Children Rights and Climate Commitments

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    Stockholm (NordSIP) – As the world focuses on dealing with yet another wave of COVID-19 cases while reeling from the relatively disappointing outcome of the COP26, it is easy to lose track of the most fragile members of society children.

    Reminding us all to not lose track of what matters, the latest report from the Global Child Forum (GCF) a Stockholm-based children rights advocate, warns that companies need to urgently address the implications of their climate actions on children.

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    “With COP26 as a backdrop and the growing demand for climate justice, companies need to understand that all efforts to reduce negative environmental impact need to take human rights into consideration. Most companies have a major opportunity to improve in this area and can use a child rights perspective to achieve this,” Cajsa Wiking (Pictured), Secretary General, Global Child Forum said on this occasion.

    The Impact of Environmental Policies on Children

    The results from the GCF flagship “The State of Children’s Rights and Business 2021” study show that despite some improvement in overall scores from 2019, a closer look at within the Community & Environment impact area company scores reveals that there is a weak understanding of the impact of environmental policies on children.

    The report was produced in collaboration with the Boston Consulting Group (BCG) and surveyed 832 of the world’s largest companies and found a slight improvement from the last study in 2019 from a score 5.2 (2019) to a score of 5.5 in this year’s study – but still a significant distance to the top possible score of 10.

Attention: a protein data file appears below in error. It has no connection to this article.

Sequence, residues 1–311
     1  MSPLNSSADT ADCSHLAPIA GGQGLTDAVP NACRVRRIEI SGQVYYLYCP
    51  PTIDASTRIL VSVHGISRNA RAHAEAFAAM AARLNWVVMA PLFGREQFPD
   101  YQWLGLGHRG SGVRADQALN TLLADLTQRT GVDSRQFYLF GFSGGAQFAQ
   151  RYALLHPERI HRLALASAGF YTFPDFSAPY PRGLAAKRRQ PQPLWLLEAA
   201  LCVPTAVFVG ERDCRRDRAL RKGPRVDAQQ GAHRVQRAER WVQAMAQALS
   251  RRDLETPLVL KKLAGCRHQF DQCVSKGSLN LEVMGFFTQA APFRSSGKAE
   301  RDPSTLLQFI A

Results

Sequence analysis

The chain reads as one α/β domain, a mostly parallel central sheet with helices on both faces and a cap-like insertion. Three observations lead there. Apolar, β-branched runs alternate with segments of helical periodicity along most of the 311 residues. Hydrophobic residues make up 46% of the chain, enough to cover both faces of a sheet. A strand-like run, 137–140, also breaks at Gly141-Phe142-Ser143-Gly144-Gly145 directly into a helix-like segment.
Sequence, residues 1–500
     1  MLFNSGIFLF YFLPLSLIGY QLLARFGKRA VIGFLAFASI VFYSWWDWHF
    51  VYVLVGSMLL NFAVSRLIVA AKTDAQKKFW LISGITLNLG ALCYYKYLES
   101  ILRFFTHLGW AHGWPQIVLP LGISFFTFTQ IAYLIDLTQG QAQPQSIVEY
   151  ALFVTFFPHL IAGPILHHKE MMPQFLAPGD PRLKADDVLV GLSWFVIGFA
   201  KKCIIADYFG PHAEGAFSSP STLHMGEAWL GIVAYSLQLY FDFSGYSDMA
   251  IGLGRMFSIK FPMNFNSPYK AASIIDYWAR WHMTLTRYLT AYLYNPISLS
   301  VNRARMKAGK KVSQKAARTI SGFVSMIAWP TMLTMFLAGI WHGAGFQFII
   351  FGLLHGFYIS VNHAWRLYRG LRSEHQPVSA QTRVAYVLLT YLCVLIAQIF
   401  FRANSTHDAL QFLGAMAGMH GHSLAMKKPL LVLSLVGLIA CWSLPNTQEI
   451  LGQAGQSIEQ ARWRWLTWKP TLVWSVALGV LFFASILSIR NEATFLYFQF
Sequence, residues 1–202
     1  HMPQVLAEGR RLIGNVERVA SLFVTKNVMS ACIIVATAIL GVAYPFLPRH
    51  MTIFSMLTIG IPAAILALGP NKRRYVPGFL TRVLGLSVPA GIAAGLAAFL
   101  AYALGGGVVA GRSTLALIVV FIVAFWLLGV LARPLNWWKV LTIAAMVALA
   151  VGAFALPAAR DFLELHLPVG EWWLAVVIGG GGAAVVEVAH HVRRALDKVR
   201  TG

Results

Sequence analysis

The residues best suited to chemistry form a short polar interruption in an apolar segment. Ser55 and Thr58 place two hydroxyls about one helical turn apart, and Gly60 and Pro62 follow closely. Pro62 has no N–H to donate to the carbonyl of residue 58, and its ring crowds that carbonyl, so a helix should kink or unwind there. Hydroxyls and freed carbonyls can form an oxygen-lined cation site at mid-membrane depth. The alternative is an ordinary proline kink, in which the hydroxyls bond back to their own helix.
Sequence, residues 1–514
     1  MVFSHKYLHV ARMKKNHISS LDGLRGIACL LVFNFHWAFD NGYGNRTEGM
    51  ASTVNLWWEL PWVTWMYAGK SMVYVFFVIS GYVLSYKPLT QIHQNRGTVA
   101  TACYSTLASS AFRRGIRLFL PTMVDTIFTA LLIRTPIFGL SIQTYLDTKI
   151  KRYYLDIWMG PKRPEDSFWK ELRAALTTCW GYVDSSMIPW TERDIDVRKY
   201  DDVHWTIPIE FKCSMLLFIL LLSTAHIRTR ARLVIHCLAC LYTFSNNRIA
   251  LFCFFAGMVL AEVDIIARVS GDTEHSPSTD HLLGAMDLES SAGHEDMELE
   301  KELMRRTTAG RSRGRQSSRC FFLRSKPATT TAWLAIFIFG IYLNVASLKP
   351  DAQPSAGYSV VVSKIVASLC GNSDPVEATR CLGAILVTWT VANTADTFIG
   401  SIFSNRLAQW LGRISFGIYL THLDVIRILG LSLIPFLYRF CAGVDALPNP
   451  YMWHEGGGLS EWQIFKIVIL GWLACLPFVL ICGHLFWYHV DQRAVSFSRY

The climate crisis is a child rights crisis. According to the GCF, companies have a tremendous impact on the environment and communities that they operate in. Companies have to understand the impact of the climate goals peldges that they have spent the last years making.

    “Many companies are relatively good at talking about climate and show what they’re doing in this area, but environmental, climate and social impact are still very much in silos,” Nina Vollmer, Research Manager, Global Child Forum added. “Children are exposed to multiple different climate shocks, and due to their vulnerability, suffer from the effects of pollution and poor air quality, food insecurity and forced migration due to climate degradation. Children and youth are also showing signs of psychological harm from worrying about the world they will grow up in. By taking children’s needs and perspectives as the starting point for what they do to mitigate their environmental and climate impact, companies have the opportunity to create a truly sustainable strategy for the future of their operations as well as the planet,” Vollmer continued

    Nordic companies outperform the rest of the world

    Although Europe and North America’s stand out as comparative mature regions when it comes to understanding their sustainability impact and human rights responsibilities, a more granular view of the Nordic Region shows that Finland and Norway are leading. Howeverm Danish companies are lagging behind their Nordic peers.

    According to the report, only 9% of companies benchmarked can be categorized as Leaders. Norsk Hydro, Volvo and Neste are all high scoring companies and they show a clear commitment to children by integrating a children’s rights perspective into their operations.

    “We strongly believe in creating a better future for children and young people. Global Child Forum’s benchmark has provided important insight into how we can improve our business practices to better support and safeguard children and young people. With the help of the benchmark and with Global Child Forum’s expertise, we’ve built a program for child rights. Through actions for improvement and a governance system to drive the actions, we aim to create more awareness in the organization and strengthen our efforts to support children’s rights. Working with children’s rights is an iterative process as there is always new ways to improve, which the benchmark helps illuminate,” Åsne Burgess, Social Responsibility Manager, Group Sustainability, Norsk Hydro, commented.

    Image courtesy of Global Child Forum
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